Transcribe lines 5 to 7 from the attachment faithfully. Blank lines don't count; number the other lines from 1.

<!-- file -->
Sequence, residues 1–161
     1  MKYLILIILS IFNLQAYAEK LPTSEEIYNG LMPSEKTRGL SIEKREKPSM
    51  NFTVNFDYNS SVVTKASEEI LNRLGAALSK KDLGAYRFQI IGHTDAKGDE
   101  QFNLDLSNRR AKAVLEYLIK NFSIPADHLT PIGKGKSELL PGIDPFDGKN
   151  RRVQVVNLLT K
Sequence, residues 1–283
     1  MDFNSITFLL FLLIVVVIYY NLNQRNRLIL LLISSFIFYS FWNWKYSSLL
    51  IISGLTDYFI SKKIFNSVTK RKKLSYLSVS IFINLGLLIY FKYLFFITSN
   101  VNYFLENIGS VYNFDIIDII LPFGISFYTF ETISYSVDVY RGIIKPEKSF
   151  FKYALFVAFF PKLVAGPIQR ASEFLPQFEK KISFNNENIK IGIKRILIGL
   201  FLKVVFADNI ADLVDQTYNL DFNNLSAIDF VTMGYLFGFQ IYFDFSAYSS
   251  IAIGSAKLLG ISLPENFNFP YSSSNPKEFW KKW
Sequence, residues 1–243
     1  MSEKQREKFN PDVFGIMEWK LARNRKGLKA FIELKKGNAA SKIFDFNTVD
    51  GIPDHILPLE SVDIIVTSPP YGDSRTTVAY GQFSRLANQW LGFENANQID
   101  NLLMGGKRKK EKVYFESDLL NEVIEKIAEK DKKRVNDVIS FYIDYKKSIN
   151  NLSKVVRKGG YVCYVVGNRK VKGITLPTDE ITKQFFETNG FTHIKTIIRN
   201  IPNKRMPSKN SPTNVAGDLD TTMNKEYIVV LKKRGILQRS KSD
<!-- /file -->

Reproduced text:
   151  RRVQVVNLLT K
Sequence, residues 1–283
     1  MDFNSITFLL FLLIVVVIYY NLNQRNRLIL LLISSFIFYS FWNWKYSSLL